Reprocessing yields a huge amount of waste which can't be reused, including deadly liquid highly radioactive waste which would likely stay where its produced. Just like the 35 million gallons of HLW that SRS is now struggling to deal with; but reprocessing will yield even more of that deadly brew.

If anyone is seriously concerned about the current problems with Yucca Mountain and spent fuel, then bringing spent fuel to SRS for dirty & costly reprocessing will only exacerbate the problems at the site while driving up the deficit.

edwardc
1
Points
edwardc 06/29/09 - 01:31 pm
0
0
There's just no safe way to

There's just no safe way to get rid of nuclear waste. The most environmentally friendly energy program is conservation. After that probably comes wind and then solar. We've got to cut down on energy consumption. Most of us use more than we need. Some people will say, "as long as I get mine, to heck with everyone else," but most people are responsible and will try to do the right thing.

mad_max
1
Points
mad_max 06/29/09 - 01:32 pm
0
0
Another greeno whacko heard

Another greeno whacko heard from. We spend millions and billions to come up with a plan for safe processing and storage and then a group of environmental nuts come along and claim that they know more than the experts. The fact is that we need more nuclear power generation, a way to process the spent fuel, and a place to store the waste. There ain't enough wind mills and solar panels in the whole world, or places to put them, to generate the power that we and near term future generations will need. So, a middle finger to Secretary Chu and the greeno whackos in the Obama administration.

Grasshopper
7
Points
Grasshopper 06/29/09 - 02:01 pm
0
0
Good Post MM 2:32

Good Post MM 2:32

SCEagle Eye
959
Points
SCEagle Eye 06/29/09 - 03:26 pm
0
0
Simple-mined name-calling

Simple-mined name-calling aside, it's obvious from some of the post here that some people don't have a clue what reprocessing is, about the sad history of it in the US or the faltering state of this dirty technology internationally. If special interests were to push through a reprocessing program in the US, it could mean a vast amount of liquid radioactive waste dumped at SRS. This would only magnify the waste problem, increase the costs dramatically and increase the environmental threat, as many experts have pointed out.

If anyone deceives themselves into thinking that the public in SC won't oppose this wrong-headed approach then you are drifting unawares under a cloud of self-delusion. Or, maybe it's just the heat, or perhaps the thought of getting rich off the tax payer.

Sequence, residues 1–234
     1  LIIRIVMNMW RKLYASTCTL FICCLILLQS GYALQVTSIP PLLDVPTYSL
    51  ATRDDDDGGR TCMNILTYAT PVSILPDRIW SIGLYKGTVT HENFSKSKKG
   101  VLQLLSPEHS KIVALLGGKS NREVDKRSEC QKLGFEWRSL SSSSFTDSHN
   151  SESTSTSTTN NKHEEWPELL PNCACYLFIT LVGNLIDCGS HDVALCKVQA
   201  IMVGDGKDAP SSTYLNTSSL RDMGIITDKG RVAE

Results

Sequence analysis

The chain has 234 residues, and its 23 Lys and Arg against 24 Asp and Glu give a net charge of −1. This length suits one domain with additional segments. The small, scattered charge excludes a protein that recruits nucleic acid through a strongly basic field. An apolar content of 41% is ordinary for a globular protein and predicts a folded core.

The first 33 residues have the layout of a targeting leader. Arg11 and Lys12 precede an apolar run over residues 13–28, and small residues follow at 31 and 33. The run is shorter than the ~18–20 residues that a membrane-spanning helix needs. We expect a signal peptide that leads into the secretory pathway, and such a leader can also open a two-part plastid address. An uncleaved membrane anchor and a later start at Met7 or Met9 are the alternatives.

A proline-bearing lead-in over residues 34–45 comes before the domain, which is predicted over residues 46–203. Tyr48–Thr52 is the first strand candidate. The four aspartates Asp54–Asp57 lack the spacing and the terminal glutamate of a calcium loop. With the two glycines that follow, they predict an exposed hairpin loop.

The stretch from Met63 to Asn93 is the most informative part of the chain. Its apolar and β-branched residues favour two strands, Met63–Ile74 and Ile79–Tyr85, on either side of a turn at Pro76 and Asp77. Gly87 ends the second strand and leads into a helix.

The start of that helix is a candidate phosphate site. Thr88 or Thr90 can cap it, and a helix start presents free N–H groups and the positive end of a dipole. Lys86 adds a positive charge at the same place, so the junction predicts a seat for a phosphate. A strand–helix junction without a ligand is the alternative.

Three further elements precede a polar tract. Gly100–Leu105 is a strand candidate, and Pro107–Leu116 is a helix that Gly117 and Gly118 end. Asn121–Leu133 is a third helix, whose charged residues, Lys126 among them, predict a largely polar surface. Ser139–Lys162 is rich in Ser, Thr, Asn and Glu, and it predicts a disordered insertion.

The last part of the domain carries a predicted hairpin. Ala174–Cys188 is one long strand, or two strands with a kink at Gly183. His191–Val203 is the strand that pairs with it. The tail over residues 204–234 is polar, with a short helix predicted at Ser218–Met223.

Grasshopper
7
Points
Grasshopper 06/29/09 - 04:03 pm
0
0
SCEagle Eye on Mon Jun 29,

SCEagle Eye on Mon Jun 29, 2009 4:26 PM Have you ever been worked at SRS? You only read what you wan to hear. Only the ignorant put down what they don't understand. List some facts!

zardoz35
1
Points
zardoz35 06/29/09 - 05:47 pm
0
0
Since the Cold War ended, SRS

Since the Cold War ended, SRS began the trek towards irrevalence. It's part of the evoluntary cycle like anything thing else. Nothing's forever, even SRS.
What I don't fathom, is why any sane person would want to expand a radioactive waste dump? Has anyone ever checked the cancer rate in this area? Think about it.

Billy D
1
Points
Billy D 06/29/09 - 08:02 pm
0
0
actually, the cancer rate is

actually, the cancer rate is lower in the CSRA than other cities/communities of it's population size...

BMused
0
Points
BMused 06/30/09 - 10:10 am
0
0
After proclaiming "there is

After proclaiming "there is no safe way to get rid of nuclear waste," edwardc segues into a plea for conservation and wind/solar. My belief is that many proponents of conservation are expressing their beliefs that conservation is what they want "other people" to do.
Back to the "no safe way" declaration: edwardc is entitled to his opinion, but he should know that it is the consensus view of international experts that high-level radioactive waste can be safely disposed of in a geologic repository. This country's designated authority on nuclear safety, the NRC, is reviewing a license application to build such a repository at Yucca Mountain. President Obama made a political decision to stop Yucca, in apparent disregard to his acclaimed vow to let 'science' guide such decisions.
Reminder: a safe disposal plan is needed for radioactive waste from defense weapons production as well as used nuclear fuel from Navy ships and submarines. This not just about commercial nuclear power.

Back to Top
loading...
Top headlines

Stormwater fee to fund Columbia County repairs

Columbia County is set to invest an additional $600,000 in its aging stormwater system next year, with the hope that more money and manpower will result in half as many repair orders and fewer ...
Search Augusta jobs